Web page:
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Codeine Sulfate

Pronunciation

Dosage Form: tablet

WARNING: ADDICTION, ABUSE, AND MISUSE; LIFE-THREATENING RESPIRATORY DEPRESSION; ACCIDENTAL INGESTION; NEONATAL OPIOID WITHDRAWAL SYNDROME; DEATH RELATED TO ULTRA-RAPID METABOLISM OF CODEINE TO MORPHINE; INTERACTIONS WITH DRUGS AFFECTING CYTOCHROME P450 ISOENZYMES; and RISKS FROM CONCOMITANT USE WITH BENZODIAZEPINES OR OTHER CNS DEPRESSANTS

Addiction, Abuse, and Misuse

Codeine Sulfate Tablets expose patients and other users to the risks of opioid addiction, abuse, and misuse, which can lead to overdose and death. Assess each patient’s risk prior to prescribing Codeine Sulfate Tablets, and monitor all patients regularly for the development of these behaviors and conditions [see Warnings and Precautions (5.1)].

Life-Threatening Respiratory Depression

Serious, life-threatening, or fatal respiratory depression may occur with use of Codeine Sulfate Tablets. Monitor for respiratory depression, especially during initiation of Codeine Sulfate Tablets or following a dose increase [see Warnings and Precautions (5.2)].

Accidental Ingestion

Accidental ingestion of even one dose of Codeine Sulfate Tablets, especially by children, can result in a fatal overdose of codeine [see Warnings and Precautions (5.2)].

Neonatal Opioid Withdrawal Syndrome

Prolonged use of Codeine Sulfate Tablets during pregnancy can result in neonatal opioid withdrawal syndrome, which may be life-threatening if not recognized and treated, and requires management according to protocols developed by neonatology experts. If opioid use is required for a prolonged period in a pregnant woman, advise the patient of the risk of neonatal opioid withdrawal syndrome and ensure that appropriate treatment will be available [see Warnings and Precautions (5.3)].

Death Related to Ultra-Rapid Metabolism of Codeine to Morphine

Respiratory depression and death have occurred in children who received codeine following tonsillectomy and/or adenoidectomy and had evidence of being ultra-rapid metabolizers of codeine due to a CYP2D6 polymorphism [see Warnings and Precautions (5.3)].

Interactions with Drugs Affecting Cytochrome P450 Isoenzymes

The effects of concomitant use or discontinuation of cytochrome P450 3A4 inducers, 3A4 inhibitors, or 2D6 inhibitors with codeine are complex. Use of cytochrome P450 3A4 inducers, 3A4 inhibitors, or 2D6 inhibitors with Codeine Sulfate Tablets requires careful consideration of the effects on the parent drug, codeine, and the active metabolite, morphine. [See Warnings and Precautions (5.5), Drug Interactions (7)].

Risks From Concomitant Use With Benzodiazepines Or Other CNS Depressants

Concomitant use of opioids with benzodiazepines or other central nervous system (CNS) depressants, including alcohol, may result in profound sedation, respiratory depression, coma, and death [see Warnings and Precautions (5.6), Drug Interactions (7)].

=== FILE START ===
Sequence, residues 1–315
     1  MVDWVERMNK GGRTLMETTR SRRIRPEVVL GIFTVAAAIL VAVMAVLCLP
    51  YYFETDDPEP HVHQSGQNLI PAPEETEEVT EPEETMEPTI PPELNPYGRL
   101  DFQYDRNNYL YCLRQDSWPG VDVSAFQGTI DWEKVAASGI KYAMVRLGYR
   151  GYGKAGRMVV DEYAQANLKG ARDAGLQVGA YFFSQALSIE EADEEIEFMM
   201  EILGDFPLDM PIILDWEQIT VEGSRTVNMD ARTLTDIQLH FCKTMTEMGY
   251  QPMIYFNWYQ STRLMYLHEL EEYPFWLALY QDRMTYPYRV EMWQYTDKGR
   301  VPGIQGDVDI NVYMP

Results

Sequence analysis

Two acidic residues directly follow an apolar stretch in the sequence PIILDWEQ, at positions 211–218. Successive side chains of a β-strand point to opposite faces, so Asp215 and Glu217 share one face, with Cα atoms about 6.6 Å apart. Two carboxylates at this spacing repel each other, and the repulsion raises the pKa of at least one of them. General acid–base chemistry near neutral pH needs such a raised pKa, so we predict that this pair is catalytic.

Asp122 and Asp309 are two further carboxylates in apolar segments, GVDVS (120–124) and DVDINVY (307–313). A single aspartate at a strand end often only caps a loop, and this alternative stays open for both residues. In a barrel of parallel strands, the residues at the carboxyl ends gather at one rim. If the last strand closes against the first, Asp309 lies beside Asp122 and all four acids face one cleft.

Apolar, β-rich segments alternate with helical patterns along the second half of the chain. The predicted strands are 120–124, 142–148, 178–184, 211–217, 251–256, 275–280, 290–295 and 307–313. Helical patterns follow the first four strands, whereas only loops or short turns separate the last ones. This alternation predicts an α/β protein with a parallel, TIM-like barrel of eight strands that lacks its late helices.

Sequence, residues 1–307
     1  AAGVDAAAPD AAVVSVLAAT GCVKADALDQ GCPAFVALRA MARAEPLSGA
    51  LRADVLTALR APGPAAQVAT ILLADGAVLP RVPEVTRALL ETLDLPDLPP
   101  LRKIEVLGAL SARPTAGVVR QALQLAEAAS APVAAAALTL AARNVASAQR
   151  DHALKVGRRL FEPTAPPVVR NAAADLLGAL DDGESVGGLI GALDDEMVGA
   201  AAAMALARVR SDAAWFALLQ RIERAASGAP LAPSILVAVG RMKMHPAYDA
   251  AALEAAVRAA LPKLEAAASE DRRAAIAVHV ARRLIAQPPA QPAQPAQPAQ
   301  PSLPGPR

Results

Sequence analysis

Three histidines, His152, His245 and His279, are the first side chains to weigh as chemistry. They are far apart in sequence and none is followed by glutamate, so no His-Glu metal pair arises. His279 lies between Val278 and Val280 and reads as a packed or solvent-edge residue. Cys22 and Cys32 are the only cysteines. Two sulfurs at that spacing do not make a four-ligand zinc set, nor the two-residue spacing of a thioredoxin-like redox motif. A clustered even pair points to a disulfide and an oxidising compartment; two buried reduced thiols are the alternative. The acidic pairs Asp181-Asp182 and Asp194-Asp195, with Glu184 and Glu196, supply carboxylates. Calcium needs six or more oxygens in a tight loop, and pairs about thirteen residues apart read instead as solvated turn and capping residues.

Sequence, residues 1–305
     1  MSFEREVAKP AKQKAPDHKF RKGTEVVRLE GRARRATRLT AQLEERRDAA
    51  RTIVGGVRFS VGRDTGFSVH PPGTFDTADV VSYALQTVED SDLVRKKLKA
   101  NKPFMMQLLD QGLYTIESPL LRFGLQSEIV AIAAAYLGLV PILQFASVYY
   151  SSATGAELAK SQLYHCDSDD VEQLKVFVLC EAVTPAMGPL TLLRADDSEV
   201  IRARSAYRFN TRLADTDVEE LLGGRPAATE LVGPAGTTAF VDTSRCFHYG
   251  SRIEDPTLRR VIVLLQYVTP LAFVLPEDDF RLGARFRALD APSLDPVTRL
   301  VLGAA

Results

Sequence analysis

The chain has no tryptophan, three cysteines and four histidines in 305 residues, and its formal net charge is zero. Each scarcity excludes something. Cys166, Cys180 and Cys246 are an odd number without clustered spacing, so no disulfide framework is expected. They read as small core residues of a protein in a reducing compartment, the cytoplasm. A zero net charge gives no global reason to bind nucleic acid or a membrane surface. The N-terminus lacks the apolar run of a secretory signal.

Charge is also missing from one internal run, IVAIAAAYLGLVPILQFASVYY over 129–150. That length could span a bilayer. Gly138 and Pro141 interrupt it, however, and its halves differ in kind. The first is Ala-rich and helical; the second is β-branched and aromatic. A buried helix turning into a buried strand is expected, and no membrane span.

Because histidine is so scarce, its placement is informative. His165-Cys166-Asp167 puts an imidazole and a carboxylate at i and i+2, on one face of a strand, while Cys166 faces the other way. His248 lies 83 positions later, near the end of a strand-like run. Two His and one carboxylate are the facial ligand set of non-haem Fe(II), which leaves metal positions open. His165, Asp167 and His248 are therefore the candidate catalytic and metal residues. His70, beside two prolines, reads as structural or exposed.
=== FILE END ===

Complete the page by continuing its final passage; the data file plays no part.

Reserve concomitant prescribing of Codeine Sulfate Tablets and benzodiazepines or other CNS depressants for use in patients for whom alternative treatment options are inadequate.
Limit dosages and durations to the minimum required.
Follow patients for signs and symptoms of respiratory depression and sedation.

Indications and Usage for Codeine Sulfate

Codeine Sulfate Tablets are indicated for the management of mild to moderate pain, where treatment with an opioid is appropriate and for which alternative treatments are inadequate.

Limitations of Use

Because of the risks of addiction, abuse, and misuse with opioids, even at recommended doses [see Warnings and Precautions (5.1)], reserve Codeine Sulfate Tablets for use in patients for whom alternative treatment options [e.g., non-opioid analgesics or opioid combination products]:

Have not been tolerated, or are not expected to be tolerated,
Have not provided adequate analgesia, or are not expected to provide adequate analgesia.

Codeine Sulfate Dosage and Administration

Important Dosage and Administration Instructions

Use the lowest effective dosage for the shortest duration consistent with individual patient treatment goals [see Warnings and Precautions (5)].

Initiate the dosing regimen for each patient individually, taking into account the patient's severity of pain, patient response, prior analgesic treatment experience, and risk factors for addiction, abuse, and misuse [see Warnings and Precautions (5.1)].

Monitor patients closely for respiratory depression, especially within the first 24 to 72 hours of initiating therapy and following dosage increases with Codeine Sulfate Tablets and adjust the dosage accordingly [see Warnings and Precautions (5.2)].

Initial Dosage

Initiating Treatment with Codeine Sulfate Tablets

Initiate treatment with Codeine Sulfate Tablets in a dosing range of 15 to 60 mg every 4 hours as needed for pain.

Adult doses of Codeine Sulfate Tablets higher than 60 mg provide no further efficacy but are associated with greater adverse reactions. The maximum 24 hour dose is 360 mg.

Conversion from Other Opioids to Codeine Sulfate Tablets

There is inter-patient variability in the potency of opioid drugs and opioid formulations. Therefore, a conservative approach is advised when determining the total daily dosage of Codeine Sulfate Tablets. It is safer to underestimate a patient’s 24-hour Codeine Sulfate Tablets dosage than to overestimate the 24-hour Codeine Sulfate Tablets dosage and manage an adverse reaction due to overdose.

Titration and Maintenance of Therapy